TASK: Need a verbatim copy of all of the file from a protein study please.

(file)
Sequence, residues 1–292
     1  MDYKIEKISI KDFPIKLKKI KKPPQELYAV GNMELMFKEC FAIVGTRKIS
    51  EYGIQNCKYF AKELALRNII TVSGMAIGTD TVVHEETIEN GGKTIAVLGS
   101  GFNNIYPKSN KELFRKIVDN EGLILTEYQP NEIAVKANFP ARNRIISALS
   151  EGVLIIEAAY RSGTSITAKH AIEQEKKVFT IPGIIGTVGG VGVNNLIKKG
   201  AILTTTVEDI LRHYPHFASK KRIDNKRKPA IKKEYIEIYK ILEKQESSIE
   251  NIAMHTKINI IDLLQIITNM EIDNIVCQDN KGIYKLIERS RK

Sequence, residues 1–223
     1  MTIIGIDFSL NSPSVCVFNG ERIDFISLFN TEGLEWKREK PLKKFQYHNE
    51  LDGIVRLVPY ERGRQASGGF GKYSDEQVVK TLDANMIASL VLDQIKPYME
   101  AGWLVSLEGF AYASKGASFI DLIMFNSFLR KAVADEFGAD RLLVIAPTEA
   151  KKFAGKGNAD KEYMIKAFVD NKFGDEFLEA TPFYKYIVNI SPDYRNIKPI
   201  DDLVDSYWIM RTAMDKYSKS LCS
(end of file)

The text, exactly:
Sequence, residues 1–292
     1  MDYKIEKISI KDFPIKLKKI KKPPQELYAV GNMELMFKEC FAIVGTRKIS
    51  EYGIQNCKYF AKELALRNII TVSGMAIGTD TVVHEETIEN GGKTIAVLGS
   101  GFNNIYPKSN KELFRKIVDN EGLILTEYQP NEIAVKANFP ARNRIISALS
   151  EGVLIIEAAY RSGTSITAKH AIEQEKKVFT IPGIIGTVGG VGVNNLIKKG
   201  AILTTTVEDI LRHYPHFASK KRIDNKRKPA IKKEYIEIYK ILEKQESSIE
   251  NIAMHTKINI IDLLQIITNM EIDNIVCQDN KGIYKLIERS RK

Sequence, residues 1–223
     1  MTIIGIDFSL NSPSVCVFNG ERIDFISLFN TEGLEWKREK PLKKFQYHNE
    51  LDGIVRLVPY ERGRQASGGF GKYSDEQVVK TLDANMIASL VLDQIKPYME
   101  AGWLVSLEGF AYASKGASFI DLIMFNSFLR KAVADEFGAD RLLVIAPTEA
   151  KKFAGKGNAD KEYMIKAFVD NKFGDEFLEA TPFYKYIVNI SPDYRNIKPI
   201  DDLVDSYWIM RTAMDKYSKS LCS